How Congress Works

The U.S. Congress has two chambers: the U.S. House of Representatives (435 members) and the Senate (100 members). Typically, a bill becomes law in the following way:

1. Bill Introduction
2. Congressional Committee
3. Committee Consideration
4. House and Senate Vote
5. Conference
6. President Signs Into Law

1) Bill Introduction. One or more Members of Congress introduce a bill. The person that originally introduces the bill is called the sponsor. Other members that wish to support the bill by adding their names to the legislation are called co-sponsors. The bill can be introduced simultaneously in both chambers (House and Senate), or it can be introduced only in one chamber.

2) Congressional Committee. After introduction, each bill will be referred to at least one committee for consideration. Multiple committees may consider various parts of the same bill if the bill contains proposed legislation under the jurisdiction of more than one committee. Congressional Committees cover a comprehensive list of issues including judiciary, energy and commerce, Social Security and many more {}. I currently serve on the House Ways and Means Committee, which has jurisdiction over all tax, trade and economic growth policies and entitlement spending, including Social Security, Medicare, welfare and unemployment compensation

3) Committee Consideration. Committees have the responsibility to consider whether to recommend the bill to the full House or Senate. Frequently committees will ask for reports from relevant governmental agencies and departments and hold hearings about the bill to hear from experts regarding the impact of the proposal.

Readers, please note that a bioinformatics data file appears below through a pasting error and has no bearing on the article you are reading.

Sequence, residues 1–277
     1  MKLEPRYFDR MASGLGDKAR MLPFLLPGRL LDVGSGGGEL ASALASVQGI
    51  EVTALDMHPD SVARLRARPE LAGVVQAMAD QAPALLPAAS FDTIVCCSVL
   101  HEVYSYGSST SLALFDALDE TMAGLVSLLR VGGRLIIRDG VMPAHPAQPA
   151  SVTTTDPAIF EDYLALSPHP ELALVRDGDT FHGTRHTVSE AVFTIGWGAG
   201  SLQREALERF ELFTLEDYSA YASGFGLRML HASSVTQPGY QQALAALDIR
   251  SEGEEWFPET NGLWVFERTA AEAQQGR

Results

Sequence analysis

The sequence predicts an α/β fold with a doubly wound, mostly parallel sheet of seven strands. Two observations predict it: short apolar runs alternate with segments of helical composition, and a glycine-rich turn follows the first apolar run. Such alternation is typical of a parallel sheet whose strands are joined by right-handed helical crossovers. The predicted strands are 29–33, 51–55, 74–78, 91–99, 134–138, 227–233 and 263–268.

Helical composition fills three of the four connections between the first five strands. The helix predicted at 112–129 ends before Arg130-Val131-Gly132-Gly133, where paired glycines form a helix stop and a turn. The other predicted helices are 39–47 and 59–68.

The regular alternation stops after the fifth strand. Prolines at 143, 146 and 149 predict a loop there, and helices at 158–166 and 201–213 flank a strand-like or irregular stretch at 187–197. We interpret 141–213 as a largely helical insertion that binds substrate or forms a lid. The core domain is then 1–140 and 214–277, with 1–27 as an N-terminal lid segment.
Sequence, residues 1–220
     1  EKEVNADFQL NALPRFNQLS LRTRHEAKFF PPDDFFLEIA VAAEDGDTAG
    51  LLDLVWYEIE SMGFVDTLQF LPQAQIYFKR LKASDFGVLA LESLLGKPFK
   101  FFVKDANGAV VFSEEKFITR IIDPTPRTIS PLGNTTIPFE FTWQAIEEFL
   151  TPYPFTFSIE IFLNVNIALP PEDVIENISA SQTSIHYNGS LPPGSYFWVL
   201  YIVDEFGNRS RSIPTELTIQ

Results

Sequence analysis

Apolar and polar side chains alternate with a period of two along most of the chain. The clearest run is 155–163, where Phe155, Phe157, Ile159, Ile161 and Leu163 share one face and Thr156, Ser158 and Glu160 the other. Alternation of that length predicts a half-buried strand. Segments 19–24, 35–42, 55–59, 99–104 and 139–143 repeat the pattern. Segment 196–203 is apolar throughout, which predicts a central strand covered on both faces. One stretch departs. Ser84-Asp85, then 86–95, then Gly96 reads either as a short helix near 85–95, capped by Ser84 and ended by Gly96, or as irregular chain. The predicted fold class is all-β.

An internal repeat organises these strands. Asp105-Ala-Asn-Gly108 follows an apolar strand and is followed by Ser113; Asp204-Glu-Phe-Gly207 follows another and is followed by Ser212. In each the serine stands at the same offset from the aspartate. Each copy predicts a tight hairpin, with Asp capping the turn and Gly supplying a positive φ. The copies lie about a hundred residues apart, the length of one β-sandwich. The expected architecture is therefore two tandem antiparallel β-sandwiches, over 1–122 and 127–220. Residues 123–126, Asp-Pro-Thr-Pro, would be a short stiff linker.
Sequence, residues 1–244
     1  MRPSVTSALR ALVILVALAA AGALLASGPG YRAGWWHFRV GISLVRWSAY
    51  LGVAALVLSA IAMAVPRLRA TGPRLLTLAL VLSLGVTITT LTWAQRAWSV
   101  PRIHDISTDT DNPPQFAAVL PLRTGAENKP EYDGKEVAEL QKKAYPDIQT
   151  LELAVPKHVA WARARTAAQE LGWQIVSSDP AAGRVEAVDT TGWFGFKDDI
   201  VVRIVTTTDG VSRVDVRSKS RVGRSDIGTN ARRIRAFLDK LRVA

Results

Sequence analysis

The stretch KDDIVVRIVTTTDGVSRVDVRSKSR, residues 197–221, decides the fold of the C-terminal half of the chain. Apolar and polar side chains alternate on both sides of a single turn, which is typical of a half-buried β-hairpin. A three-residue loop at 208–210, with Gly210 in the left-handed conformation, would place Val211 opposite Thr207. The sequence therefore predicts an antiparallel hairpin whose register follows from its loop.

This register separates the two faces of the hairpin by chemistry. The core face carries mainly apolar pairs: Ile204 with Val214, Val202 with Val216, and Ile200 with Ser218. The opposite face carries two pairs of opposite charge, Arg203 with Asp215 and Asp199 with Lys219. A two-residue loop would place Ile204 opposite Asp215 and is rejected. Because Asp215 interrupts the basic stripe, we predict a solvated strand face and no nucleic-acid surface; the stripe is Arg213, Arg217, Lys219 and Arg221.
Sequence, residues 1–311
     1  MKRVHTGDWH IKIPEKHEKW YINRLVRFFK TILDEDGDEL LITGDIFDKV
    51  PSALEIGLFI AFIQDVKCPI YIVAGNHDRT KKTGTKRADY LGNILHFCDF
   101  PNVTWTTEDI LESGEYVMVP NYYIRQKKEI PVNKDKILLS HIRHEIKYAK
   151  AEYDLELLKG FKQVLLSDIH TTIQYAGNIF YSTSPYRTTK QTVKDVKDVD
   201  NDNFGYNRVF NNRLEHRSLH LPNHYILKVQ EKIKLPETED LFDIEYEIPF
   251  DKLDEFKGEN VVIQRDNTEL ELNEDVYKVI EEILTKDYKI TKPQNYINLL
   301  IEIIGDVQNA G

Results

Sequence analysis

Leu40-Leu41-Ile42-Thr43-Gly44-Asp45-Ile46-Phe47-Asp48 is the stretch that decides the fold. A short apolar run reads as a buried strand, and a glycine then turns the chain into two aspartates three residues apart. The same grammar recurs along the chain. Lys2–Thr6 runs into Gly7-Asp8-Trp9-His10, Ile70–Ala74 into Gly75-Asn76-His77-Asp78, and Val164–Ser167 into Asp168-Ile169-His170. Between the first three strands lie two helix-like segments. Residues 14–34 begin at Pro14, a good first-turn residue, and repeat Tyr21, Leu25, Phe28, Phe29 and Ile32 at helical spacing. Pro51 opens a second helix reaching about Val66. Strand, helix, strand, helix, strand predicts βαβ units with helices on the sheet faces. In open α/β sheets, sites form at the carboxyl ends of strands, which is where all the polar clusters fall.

The chair of the subcommittee schedules the bill for a hearing and a vote. Once the bill passes the subcommittee by majority vote, it then moves on to full committee. The same process happens in full committee.

If a committee decides not to recommend a bill to the full House or Senate, it will simply table it, or stop discussion of it, and the bill will go no further. The proponent of the bill is able to re-introduce it at a later time.

4) House and Senate Vote. When the bill makes its way out of committee, it moves to the floor for a full vote where Members of the House or Senate debate the bill. The bill may be amended during the debate process. The bill must pass by a majority vote. If the bill does pass in either the House or the Senate, then it moves to the other chamber to undergo a vote.

5) Conference. Sometimes, two different versions of the bill pass in each chamber. If this is the case, a conference committee meets to resolve differences. Committee members from either chamber familiar with the bill sit as part of the conference committee to draft a compromise version of the bill. The conference version of the bill that this committee writes must then pass by majority vote in each chamber.

6) President Signs Into Law. After the samebill has been approved by both chambers of Congress, the bill moves to the President, who can sign it, allow it to become law without a signature within ten day or veto it. If the President vetoes a bill, it goes back to whichever chamber originated it, with the President’s objections and each Chamber of Congress can vote on the vetoed bill. To pass a bill over the President’s objections requires a two-thirds vote in each Chamber.